Antimicrobial treatment of urinary tract infection with temocillin shows reduced selection for resistant gut bacteria compared with cefotaxime

14 December, 2021

Cefotaxime, a broad-spectrum antibiotic, also effective against certain multiresistant strains, is currently used to treat  febrile urinary tract infections (UTIs).1 Failure of cefotaxime (and other third-generation cephalosporins) due to reduced susceptibility has led to an increase in use of carbapenems.2 However, both drug classes are associated with an increased risk of  multi-drug resistant Enterobacterales due to ‘selection’ for resistant gut bacteria.3,4 Disturbance in intestinal microbiota  following cefotaxime treatment is also associated with an increased risk for Clostridioides difficile infection in warded patients.These risk factors underscore a need for an effective antibiotic for febrile UTI treatment but also has minimal effects on gut microflora and selection for resistant strains.

Temocillin belongs to the penicillin group of antibiotics and specifically targets UTI-causing bacteria such as Escherichia coli, and is also effective against bacteria producing extended spectrum beta-lactamase (ESBL).6 The relatively narrow activity spectrum of temocillin suggests that it would be less prone to disturb natural gut microbiota. It has also shown low risk of C. difficile infection in clinical studies. Due to its proposed benefits against conventional treatment with carbapenems or third generation cephalosporins, Edlund et al. investigated the use of temocillin versus cefotaxime for febrile UTI treatment, and also investigated effects on gut microbiota in terms of colonisation with resistant Enterobacterales or toxin-producing C. difficile.2

The 152 patients eligible for inclusion had at least one symptom of pyelonephritis, a fever of >38°C, and were eligible for intravenous antibiotic treatment. Patients were randomly assigned to receive either 2 g temocillin or 1–2 g cefotaxime at 8 hourly intervals for at least 3 days. From day 4 onwards, patients showing improvement could switch to an oral antibiotic. Lack of improvement was regarded as treatment failure. Participants were treated with antibiotics for a total of 7–10 days, or up to 14 days in the case of bacteraemia.2

The key findings of this study were2:

  • Temocillin and cefotaxime were both effective treatments against UTIs (98% of patients showing early bacteriological response in both groups).
  • Temocillin lowered risk of gut colonisation with difficile and/or Enterobacterales with reduced susceptibility to third-generation cephalosporins, compared to cefotaxime (26% vs 48%) .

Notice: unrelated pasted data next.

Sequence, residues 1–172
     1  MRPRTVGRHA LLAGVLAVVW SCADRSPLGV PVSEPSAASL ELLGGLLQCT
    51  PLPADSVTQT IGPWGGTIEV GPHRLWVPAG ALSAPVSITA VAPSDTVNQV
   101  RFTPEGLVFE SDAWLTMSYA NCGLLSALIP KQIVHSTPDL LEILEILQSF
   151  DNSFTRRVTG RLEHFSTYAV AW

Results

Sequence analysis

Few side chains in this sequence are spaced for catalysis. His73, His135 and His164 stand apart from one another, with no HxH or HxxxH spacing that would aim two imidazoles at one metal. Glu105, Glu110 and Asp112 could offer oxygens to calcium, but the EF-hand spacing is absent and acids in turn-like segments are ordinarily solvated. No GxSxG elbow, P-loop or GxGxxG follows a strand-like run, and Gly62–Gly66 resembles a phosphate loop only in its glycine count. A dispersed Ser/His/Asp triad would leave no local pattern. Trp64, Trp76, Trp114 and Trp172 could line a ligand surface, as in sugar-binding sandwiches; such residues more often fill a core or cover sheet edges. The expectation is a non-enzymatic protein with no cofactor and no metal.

• Results suggest a superiority of temocillin vs cefotaxime in terms of the reduced disturbance on intestinal microbiota, and a reduced selectivity for cephalosporin resistant strains.
  • Incidence of adverse events (AEs) were comparable in both groups (43 events in 52% [N=77] of participants with temocillin vs 46 events in 45% [N=75] of participants with cefotaxime), and were generally of mild to moderate severity.
    • A total of 27% patients in the temocillin group vs 23% in the cefotaxime group had an AE considered to be associated to the study drugs.
    • AEs considered to be drug-related were mostly symptoms of gastrointestinal disorders (e.g. diarrhoea, abdominal pain) in both groups.

With the ongoing need for antimicrobial stewardship,  use of effective treatments  that exert less of a disturbance on the natural microbiome is becoming increasingly important.2 The results presented by Edlund et al. suggest that temocillin could be a useful alternative to current treatments with third-generation cephalosporins for UTIs, given the reduced selectivity for resistant Enterobacterales.2 This could also reduce hospital transmission of resistant pathogens, and inform future guidelines for UTI treatment, especially in cases of ESBL-producing strains or where there is increased risk for developing resistance to antimicrobial treatments.2



  1. Naber KG. Infection 1989;17:425-428.
  2. Edlund C, et al. The Lancet Infect Dis 2021;doi:1016/S1473-3099(21)00407-2 [Epub ahead of print].
  3. Paterson DL. Clin Infect Dis 2004;38:S341-S345.
  4. Dong LT, et al. AIMS Microbiol 2020;6:176-182.
  5. Settle CD, et al. Aliment Pharmacol Ther 1998; 12:1217-1223.
  6. Vallée M, et al. Prog Urol 2017 Oct;27:609-617.